Frank Martin is the head coach for the University of Massachusetts men's basketball team. Martin was previously the head coach of the University of South Carolina men's basketball team for ten seasons. Prior to that, he was the head coach of Kansas State University for five seasons.Martin has led his teams to a total of five NCAA tournaments and 1 Final Four appearance as a head coach. He was named the Big 12 Conference Men's Basketball Coach of the Year in 2010. He joins us to discuss what he thinks of the Houston Cougars, his love for Kelvin Sampson, and his thoughts on the tournament as a whole.Enjoy this interview from the Sean Salisbury Show!
The Danny Bonaduce & Sarah Morning Show
28 ambulances were dispatched to the University of Massachusetts and Tiger Woods is making his woman angry again!
We are living in the Golden Age, lacrosse fans. Do you appreciate it?! It's early March. Year 2023. And as fans of college lacrosse, we can watch almost every game! We are blessed. And oh my goodness, the games this week. Let's get it. Six games involve IL Top 20 teams, and there are several other tantalizing matchups up and down the Saturday slate. One of those big games features No. 8-ranked Penn State, and Nittany Lions coach Jeff Tambroni is the guys' guest this week. They'll talk about Penn State's hot start, the team leadership, the incredible influence of their two young assistant, the upcoming game against Cornell and what it means for Coach Tambroni to go back to Cornell. They'll also discuss the #BrickSquad moniker, his favorite #WeAre team to follow and the best hidden gem restaurant in Happy Valley. GAME PREVIEWS FRIDAY No. 13 Yale (1-1) at No. 21 UMass (2-1), 1 p.m., ESPN+ SATURDAY's Top Matchups No. 19 Denver (3-2) at No. 11 Yale (2-1), 11:30 a.m., ESPN+ No. 8 Penn State (4-1) at No. 3 Cornell (4-0), noon, ESPN+ No. 14 Princeton (2-2) at No. 7 Rutgers (5-1), 1 p.m., BTN+ No. 9 Ohio State (3-2) at No. 2 Notre Dame (4-0), 1 p.m., ACCN No. 18 Villanova (4-1) at No. 15 Penn (2-2), 3:30 p.m., ESPN+ No. 10 Johns Hopkins (4-3) at Syracuse (3-3), 4 p.m., ACCNX No. 6 Duke (4-1) at No. 20 Syracuse (3-2), 4 p.m., ACCNx GIVE & GO In a app-inspired Give & Go, Dix and D-Fly evaluate the most delicious appetizers on your local pub and grill menus.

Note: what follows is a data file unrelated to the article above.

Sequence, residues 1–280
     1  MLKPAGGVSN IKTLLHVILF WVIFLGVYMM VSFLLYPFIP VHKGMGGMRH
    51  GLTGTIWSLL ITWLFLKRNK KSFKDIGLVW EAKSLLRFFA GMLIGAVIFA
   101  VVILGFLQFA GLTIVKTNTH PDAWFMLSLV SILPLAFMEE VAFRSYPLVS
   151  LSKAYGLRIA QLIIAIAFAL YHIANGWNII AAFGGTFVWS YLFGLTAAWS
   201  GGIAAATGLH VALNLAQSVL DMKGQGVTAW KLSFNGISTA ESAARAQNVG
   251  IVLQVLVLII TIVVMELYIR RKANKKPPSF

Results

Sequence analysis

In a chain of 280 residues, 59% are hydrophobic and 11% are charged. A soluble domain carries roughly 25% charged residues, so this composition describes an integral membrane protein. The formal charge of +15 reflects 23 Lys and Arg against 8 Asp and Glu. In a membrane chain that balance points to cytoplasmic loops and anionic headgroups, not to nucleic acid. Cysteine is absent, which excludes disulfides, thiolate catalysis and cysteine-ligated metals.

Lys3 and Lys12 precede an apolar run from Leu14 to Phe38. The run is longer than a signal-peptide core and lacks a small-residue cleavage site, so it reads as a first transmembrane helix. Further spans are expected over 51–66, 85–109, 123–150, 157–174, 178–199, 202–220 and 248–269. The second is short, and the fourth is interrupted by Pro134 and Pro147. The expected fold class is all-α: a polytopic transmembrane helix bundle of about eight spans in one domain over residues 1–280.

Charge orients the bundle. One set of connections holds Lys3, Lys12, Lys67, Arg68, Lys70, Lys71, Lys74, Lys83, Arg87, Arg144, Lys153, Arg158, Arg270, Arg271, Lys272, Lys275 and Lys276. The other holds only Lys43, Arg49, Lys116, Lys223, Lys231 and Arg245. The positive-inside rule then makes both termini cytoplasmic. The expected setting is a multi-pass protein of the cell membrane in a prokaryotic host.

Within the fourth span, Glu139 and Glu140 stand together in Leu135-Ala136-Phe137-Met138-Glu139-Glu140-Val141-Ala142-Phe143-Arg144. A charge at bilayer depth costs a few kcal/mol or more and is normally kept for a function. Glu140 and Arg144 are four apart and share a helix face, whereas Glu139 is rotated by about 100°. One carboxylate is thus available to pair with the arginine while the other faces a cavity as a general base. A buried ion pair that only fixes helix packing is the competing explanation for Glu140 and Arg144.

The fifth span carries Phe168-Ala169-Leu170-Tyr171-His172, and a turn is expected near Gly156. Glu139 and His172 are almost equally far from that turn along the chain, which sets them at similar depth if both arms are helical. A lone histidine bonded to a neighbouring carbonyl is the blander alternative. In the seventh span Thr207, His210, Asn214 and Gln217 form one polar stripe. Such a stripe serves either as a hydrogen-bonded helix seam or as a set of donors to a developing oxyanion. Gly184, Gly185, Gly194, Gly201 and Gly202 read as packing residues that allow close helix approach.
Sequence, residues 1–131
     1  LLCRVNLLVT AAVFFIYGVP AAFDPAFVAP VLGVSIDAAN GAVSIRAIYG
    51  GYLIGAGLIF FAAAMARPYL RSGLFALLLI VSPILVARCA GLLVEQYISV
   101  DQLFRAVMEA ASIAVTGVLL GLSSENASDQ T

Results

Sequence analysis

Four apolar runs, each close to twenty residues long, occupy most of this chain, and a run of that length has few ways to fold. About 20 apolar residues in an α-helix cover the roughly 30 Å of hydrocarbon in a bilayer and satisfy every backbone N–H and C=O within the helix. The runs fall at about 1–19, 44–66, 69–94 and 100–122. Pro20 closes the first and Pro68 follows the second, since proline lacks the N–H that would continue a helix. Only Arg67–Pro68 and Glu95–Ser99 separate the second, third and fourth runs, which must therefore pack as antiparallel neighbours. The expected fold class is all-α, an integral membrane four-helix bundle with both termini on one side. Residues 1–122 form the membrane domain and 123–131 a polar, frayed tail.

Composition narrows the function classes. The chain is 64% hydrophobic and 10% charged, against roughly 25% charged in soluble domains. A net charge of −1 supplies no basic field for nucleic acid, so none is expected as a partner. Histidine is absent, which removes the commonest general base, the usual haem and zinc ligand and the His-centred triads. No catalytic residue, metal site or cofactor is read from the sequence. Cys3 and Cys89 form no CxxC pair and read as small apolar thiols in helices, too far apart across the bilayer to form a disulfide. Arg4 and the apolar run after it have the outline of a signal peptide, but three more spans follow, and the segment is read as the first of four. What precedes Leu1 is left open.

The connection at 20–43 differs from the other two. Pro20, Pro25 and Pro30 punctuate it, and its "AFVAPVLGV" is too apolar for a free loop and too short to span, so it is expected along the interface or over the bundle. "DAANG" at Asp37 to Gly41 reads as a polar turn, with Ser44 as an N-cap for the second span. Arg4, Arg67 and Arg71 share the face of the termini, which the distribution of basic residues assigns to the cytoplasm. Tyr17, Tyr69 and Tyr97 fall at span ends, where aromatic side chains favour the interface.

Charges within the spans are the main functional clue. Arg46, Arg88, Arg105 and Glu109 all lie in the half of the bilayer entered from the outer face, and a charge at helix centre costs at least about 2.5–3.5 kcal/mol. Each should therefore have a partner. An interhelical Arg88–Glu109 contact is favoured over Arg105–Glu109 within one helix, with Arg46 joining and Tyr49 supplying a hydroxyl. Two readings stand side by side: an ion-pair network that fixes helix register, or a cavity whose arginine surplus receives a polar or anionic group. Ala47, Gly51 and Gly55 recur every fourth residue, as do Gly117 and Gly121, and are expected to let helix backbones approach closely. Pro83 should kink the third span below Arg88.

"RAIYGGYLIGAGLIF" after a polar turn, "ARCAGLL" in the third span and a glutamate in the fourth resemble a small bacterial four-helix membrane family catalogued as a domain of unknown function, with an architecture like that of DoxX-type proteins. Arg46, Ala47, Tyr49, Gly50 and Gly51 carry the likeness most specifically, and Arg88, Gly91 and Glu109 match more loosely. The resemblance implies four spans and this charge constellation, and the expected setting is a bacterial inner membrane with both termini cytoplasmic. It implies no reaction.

High Character - A UMass Hockey Podcast
A difficult season for UMass Hockey has come to a disappointing end at the hands of BC in the opening round of the Hockey East playoffs. Cameron and Evin are here to recap the game, wrap up the season, look towards what might be different next season, and discuss some broad UMass concerns that they wanted to get off their chests.
On today's episode… 28 schoolgirls were hospitalized with anxiety after playing with a Ouija board (00:34:43)... and Much More: (00:00:00) Intro ☕ Cup of Coffee in the Big Time ☕ (00:04:29) Fun Fact about Women (00:06:59) Senators push bill designating cartels as 'terrorist organizations' after Americans killed in Mexico (00:12:00) Tiger Woods' ex Erica Herman wants NDA nullified over sexual harassment clause (00:18:56) New mind-reading AI turns people's thoughts into images with 80% accuracy